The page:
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"After the experiments, we reduced the seeding rate for sunflowers by 20% and for corn by 10%."

Reading time — 15 minutes
Discussing the joint experiments of OneSoil and Frendt for Flora A. A. Farm in Ukraine.
In 2018, Andrey Kapritsa, owner of Flora A. A. Farm in central Ukraine, decided to install an automatic section control system on sprayers. For help, he turned to Frendt, a company that implements precision farming services. Since then, Frendt and OneSoil have helped the farmer conduct experiments with variable-rate seeding and fertilizer application. OneSoil is responsible for testing hypotheses, while the Frendt team takes on the technical side of the experiments: setting up equipment, taking soil samples, upgrading machinery, and training operators.

We talked about how the experiments are conducted with Andrey Kapritsa, the farm owner; Vitaly Shuberansky, founder of Frendt; and Usevalad Henin, OneSoil's precision farming expert.
In 2018, Andrey Kapritsa, owner of Flora A. A. Farm in central Ukraine, decided to install an automatic section control system on sprayers. For help, he turned to Frendt, a company that implements precision farming services. Since then, Frendt and OneSoil have helped the farmer conduct experiments with variable-rate seeding and fertilizer application. OneSoil is responsible for testing hypotheses, while the Frendt team takes on the technical side of the experiments: setting up equipment, taking soil samples, upgrading machinery, and training operators.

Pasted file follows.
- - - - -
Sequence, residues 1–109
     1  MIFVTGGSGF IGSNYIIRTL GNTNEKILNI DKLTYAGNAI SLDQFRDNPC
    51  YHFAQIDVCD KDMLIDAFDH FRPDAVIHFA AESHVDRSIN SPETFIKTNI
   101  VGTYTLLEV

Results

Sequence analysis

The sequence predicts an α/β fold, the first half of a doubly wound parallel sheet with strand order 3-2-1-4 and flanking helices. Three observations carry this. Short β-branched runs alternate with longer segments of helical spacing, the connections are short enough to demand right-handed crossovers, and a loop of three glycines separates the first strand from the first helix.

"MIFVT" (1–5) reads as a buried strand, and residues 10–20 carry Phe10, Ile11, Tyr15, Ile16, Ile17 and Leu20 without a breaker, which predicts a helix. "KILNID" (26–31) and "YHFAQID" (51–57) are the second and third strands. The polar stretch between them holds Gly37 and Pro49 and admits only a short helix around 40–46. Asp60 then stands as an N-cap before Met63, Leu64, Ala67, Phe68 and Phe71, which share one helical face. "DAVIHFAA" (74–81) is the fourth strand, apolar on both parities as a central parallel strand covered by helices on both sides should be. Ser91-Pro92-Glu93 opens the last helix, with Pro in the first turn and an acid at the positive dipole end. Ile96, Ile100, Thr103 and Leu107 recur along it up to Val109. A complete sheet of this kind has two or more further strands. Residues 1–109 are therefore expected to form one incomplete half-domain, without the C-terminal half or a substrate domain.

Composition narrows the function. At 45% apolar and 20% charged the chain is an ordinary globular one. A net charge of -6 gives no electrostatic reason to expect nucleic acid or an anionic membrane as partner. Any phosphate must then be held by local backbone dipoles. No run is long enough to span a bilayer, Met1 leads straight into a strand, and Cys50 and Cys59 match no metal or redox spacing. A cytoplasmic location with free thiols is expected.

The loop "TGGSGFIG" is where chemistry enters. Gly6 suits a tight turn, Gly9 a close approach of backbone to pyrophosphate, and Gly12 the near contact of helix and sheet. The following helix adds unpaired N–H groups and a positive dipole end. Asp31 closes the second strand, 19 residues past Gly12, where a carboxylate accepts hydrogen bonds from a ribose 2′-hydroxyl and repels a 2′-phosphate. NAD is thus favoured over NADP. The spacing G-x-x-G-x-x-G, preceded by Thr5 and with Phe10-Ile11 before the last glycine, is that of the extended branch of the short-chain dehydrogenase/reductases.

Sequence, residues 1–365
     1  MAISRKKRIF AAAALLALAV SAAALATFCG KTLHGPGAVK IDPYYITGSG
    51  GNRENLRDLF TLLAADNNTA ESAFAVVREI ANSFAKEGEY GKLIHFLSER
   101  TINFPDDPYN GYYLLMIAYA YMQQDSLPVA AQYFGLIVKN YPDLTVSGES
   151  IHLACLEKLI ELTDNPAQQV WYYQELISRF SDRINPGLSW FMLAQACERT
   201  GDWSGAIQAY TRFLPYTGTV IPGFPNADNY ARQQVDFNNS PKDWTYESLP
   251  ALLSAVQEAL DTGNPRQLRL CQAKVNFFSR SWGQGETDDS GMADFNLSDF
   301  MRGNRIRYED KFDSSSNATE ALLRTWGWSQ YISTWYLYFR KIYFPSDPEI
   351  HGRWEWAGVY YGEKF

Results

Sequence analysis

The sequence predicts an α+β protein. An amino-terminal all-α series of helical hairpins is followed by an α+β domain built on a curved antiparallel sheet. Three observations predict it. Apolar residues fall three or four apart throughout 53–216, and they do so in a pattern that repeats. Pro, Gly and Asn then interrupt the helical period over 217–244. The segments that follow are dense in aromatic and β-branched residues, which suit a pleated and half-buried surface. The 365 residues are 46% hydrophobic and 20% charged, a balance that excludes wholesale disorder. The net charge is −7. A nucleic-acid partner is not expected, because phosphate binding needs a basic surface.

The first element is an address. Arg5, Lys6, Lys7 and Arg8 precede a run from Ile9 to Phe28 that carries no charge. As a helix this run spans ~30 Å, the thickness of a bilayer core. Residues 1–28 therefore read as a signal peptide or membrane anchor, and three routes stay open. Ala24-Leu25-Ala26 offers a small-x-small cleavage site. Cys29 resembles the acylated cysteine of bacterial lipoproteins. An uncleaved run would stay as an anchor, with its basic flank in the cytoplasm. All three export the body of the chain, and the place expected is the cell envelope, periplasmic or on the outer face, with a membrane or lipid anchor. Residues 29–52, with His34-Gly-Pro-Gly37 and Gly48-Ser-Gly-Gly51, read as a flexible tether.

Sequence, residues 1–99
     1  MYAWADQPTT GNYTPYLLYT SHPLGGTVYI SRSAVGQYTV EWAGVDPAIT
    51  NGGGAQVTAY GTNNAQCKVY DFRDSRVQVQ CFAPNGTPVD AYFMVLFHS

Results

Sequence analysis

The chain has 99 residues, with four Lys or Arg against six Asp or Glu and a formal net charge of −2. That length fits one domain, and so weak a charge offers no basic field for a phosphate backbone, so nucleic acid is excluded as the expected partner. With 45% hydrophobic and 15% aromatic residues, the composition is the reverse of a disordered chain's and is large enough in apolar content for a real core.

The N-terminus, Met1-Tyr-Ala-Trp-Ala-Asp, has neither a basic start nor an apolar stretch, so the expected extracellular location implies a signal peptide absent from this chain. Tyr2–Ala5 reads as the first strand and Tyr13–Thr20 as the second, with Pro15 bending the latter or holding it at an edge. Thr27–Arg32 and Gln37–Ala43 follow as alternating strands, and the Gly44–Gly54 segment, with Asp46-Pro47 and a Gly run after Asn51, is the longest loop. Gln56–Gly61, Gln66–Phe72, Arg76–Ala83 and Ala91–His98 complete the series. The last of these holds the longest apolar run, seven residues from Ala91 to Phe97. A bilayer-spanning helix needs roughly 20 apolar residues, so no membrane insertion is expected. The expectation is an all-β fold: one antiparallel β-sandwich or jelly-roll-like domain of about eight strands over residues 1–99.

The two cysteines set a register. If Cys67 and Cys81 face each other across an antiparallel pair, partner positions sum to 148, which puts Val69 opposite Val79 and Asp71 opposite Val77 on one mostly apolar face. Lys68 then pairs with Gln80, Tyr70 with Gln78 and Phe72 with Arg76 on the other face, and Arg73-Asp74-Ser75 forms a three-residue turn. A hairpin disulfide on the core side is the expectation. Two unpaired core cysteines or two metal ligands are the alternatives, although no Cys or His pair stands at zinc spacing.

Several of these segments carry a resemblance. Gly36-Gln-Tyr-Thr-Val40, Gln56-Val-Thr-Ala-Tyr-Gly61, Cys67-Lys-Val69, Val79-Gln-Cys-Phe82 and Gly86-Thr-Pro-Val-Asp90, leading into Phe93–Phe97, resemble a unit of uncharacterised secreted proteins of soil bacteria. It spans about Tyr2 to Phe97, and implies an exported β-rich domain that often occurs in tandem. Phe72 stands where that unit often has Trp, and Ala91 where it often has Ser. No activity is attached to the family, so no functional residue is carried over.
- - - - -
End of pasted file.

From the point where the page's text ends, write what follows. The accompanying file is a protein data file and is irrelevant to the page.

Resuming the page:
We talked about how the experiments are conducted with Andrey Kapritsa, the farm owner; Vitaly Shuberansky, founder of Frendt; and Usevalad Henin, OneSoil's precision farming expert.
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Calculate fertilizer and seeding rates
For variable-rate application. Detect productivity zones and create prescription maps for equipment in the OneSoil web app.
Calculate fertilizer and seeding rates
For variable-rate application. Detect productivity zones and create prescription maps for equipment in the OneSoil web app.
— Andrey, please tell us more about your farm. How big is it, what do you grow, and how did you decide that you need precision farming?

Andrey: My grandfather established our farm in 1991. It's located in Vinnytsia Region near the border with Moldova. My grandfather started off with 60 ha, but now the farm's total area covers 1,200 ha. We grow wheat, sunflower, corn, and occasionally rapeseed.

I oversee everything on the farm. I have an agricultural background because my grandfather sent me off to study, since he believed that every farm needs its own agronomist. I've been taking care of everything on the farm since I was 21. About eight years ago, we bought our first imported tractor, a New Holland 7060. I remember that it was the first such tractor on a small farm in our area. We had to install autopilot on the new equipment. Installing autopilot was the start of precision farming for me.
Today, Flora boasts an entire fleet of modern precision farming equipment.
There was very little information about precision farming technologies at that time. I had to figure it out myself, mostly by watching YouTube videos from farmers in Europe and the United States. After that, I started analyzing soil by zones, buying new seeders, and using section control systems. I noticed the savings in seeds and fertilizers right away. We stopped losing yield in places that used to have overlaps, resulting in some great yield numbers. Now, for instance, I harvest 8 tons of corn in a bad year, while my neighbor only manages to harvest 2 tons in the field across the road. After the first few times we got results like that, I realized I was moving in the right direction.

— How did the joint experiments with OneSoil, Frendt, and Flora get started?